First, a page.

Is there anything we can learn from the above contrast, between a (then) thriving band of forest Pygmies, for whom singing is an everday expression of joy and solidarity and the starving remnant of a once viable group of hunter-gatherers turned farmers, who hardly ever sing at all? I think there is, because the sort of radical, sudden and disastrous change we see among the Mountain People might well give us some insights into at least one way in which culture may have changed in the past -- though "evolution" might not be exactly the right word for it.

(to be continued . . . )

I may not have time to be posting much if at all in the next week or so, but I'll be back soon, I promise . . .


Maju said...

This seems a particularly insightful post. Very interesting to read how collective song vanishes when the community disintegrates (sadly enough).

Anonymous said...

You are the most narcissistic pseudo-scientist ever.

Anonymous said...

This seems a particularly insightful post. Very interesting to read how collective song vanishes when the community disintegrates (sadly enough).

Insightful? Can you think of a more obvious truism than "communities stop functioning when they die?"

Maju said...

(IMO people posting criticisms as anonymous are cowards - anyhow).

Maybe it's obvious to you but is it so obvious that some communities appear to have stayed alive for maybe 200 or 150,000 years in spite of all?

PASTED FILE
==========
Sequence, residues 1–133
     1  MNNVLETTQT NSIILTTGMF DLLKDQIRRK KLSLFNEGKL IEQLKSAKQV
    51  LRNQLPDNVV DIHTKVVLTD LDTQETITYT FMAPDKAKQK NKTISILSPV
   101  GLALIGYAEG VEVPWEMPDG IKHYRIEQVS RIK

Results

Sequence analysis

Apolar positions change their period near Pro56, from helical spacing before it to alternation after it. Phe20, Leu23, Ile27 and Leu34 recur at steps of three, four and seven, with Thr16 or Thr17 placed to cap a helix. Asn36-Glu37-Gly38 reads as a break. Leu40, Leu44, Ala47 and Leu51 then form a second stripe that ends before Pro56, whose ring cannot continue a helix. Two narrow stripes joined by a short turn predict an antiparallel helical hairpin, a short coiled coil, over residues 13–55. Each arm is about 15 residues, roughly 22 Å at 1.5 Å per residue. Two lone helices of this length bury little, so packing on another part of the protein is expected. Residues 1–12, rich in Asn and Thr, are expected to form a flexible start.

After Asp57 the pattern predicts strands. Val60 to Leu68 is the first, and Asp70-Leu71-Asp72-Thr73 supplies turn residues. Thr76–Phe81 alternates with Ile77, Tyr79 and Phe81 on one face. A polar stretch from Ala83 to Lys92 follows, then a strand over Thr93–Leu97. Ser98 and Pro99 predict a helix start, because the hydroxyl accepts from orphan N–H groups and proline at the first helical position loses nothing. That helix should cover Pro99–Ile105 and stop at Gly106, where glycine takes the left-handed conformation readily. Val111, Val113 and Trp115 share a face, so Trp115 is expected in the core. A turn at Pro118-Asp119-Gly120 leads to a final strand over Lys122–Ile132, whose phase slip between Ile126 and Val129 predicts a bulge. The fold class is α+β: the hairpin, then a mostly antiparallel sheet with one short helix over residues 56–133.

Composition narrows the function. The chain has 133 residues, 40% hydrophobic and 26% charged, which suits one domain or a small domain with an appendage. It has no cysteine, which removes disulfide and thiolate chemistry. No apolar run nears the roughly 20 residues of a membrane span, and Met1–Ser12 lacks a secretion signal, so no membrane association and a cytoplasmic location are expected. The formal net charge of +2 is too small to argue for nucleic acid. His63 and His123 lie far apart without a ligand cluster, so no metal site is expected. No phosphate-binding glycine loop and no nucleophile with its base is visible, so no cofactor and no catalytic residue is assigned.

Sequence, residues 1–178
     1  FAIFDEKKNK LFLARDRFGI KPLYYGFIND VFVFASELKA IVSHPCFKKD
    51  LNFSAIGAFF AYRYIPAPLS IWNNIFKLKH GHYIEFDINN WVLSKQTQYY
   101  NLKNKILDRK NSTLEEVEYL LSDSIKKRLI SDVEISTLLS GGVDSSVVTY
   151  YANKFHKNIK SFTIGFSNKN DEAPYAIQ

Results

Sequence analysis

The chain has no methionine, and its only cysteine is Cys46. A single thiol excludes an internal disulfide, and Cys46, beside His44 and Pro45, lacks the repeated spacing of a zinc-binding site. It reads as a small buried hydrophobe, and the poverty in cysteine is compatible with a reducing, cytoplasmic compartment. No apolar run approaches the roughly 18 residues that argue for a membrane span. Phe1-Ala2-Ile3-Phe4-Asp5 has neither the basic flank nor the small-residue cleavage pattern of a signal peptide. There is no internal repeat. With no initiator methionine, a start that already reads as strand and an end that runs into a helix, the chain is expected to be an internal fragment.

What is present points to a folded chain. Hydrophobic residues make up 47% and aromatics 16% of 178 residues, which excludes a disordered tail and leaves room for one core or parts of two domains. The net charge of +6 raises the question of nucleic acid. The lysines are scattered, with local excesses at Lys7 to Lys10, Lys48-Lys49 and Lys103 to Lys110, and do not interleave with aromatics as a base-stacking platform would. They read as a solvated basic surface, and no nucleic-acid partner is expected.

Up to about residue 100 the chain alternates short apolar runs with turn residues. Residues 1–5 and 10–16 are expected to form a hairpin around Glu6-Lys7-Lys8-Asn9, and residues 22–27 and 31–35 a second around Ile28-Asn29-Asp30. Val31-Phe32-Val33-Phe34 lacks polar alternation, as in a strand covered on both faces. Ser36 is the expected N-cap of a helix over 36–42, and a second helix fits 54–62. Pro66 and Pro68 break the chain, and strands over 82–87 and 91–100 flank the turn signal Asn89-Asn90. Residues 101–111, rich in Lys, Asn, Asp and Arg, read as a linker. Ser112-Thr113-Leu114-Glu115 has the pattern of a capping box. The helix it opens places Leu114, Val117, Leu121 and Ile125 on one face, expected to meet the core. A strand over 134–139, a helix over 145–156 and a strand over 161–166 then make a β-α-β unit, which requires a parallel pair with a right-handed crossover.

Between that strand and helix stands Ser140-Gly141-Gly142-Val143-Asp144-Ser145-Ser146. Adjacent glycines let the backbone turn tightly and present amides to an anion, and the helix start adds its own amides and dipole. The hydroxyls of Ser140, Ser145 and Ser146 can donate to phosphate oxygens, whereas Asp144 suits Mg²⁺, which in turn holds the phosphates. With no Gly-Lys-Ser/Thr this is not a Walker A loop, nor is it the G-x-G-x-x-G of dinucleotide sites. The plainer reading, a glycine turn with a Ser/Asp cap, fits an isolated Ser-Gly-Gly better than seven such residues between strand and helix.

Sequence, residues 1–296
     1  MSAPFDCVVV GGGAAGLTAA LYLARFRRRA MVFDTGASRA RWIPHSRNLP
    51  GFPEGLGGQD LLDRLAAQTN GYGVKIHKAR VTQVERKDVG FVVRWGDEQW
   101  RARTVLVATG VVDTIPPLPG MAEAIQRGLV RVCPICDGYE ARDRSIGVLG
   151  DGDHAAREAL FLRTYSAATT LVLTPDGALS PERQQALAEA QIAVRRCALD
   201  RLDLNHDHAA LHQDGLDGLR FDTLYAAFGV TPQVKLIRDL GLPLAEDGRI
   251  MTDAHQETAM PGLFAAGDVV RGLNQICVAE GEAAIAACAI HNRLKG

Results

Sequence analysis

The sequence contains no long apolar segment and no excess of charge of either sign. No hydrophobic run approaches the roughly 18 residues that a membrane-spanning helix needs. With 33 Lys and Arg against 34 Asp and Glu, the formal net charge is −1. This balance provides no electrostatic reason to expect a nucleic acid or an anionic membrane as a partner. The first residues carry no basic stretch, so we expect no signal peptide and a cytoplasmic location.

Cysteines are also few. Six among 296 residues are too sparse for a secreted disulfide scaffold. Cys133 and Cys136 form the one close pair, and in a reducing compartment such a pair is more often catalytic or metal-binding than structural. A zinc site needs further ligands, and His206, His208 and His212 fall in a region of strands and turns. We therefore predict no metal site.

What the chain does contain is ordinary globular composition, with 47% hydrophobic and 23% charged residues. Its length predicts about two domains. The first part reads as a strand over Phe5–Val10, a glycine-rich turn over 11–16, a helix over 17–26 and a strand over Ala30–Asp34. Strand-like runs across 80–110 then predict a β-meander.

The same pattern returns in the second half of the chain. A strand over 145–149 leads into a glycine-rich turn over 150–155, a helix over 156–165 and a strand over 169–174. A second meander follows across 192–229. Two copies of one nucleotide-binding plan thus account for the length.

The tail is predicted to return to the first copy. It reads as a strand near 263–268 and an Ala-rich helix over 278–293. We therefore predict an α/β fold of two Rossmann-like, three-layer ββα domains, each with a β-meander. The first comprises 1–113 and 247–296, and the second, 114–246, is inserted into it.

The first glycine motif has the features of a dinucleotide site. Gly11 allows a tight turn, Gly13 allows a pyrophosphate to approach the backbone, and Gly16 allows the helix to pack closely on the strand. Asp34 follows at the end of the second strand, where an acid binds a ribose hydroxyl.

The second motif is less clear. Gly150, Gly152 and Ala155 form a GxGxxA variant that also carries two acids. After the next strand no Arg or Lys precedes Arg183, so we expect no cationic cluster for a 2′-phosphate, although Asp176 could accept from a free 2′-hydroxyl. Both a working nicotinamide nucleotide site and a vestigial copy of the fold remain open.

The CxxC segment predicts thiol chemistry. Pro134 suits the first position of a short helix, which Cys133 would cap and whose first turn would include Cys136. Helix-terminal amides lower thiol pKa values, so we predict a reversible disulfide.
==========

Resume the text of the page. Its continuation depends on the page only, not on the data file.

The question for me is whether this loss of cohesion is really because of a catastrophe like Toba, as Victor claims or some other process.

And also, if the P/B tyle is so innate why was it not recovered spontaneously when communities gained their cohesion again. Obviously pople were not scattered and scared forever: soon they regrouped and looked forward again. And the resulting social organization should have been more or less the same as with P/B peoples.

But instead of singing P/B, they started playing the dijiridoo, it seems. Why? What does it imply of the new social organization?

DocG said...

"You are the most narcissistic pseudo-scientist ever."

Undoubtedly. So -- what do YOU make of all this, Mr. Anonymous?

DocG said...

Maju, I don't see P/B as innate. As I see it, once such a tradition is lost, it is lost forever. Of course, the Ik represent an extreme case, and it's not difficult to imagine such a disaster leading to a culture dying out completely. But what if it doesn't die out? What if there are survivors who manage to begin anew at some point, what will they be teaching their children? What aspects of their old culture are likely to survive, what are likely to be lost and what new elements are likely to be introduced?

Maju said...

Maju, I don't see P/B as innate.

This clarifies my misconception. I thought you argued in some of your early posts that the P/B style was somehow innate to Humankind and related to apes' "musical" expression. But probably I missed some important details.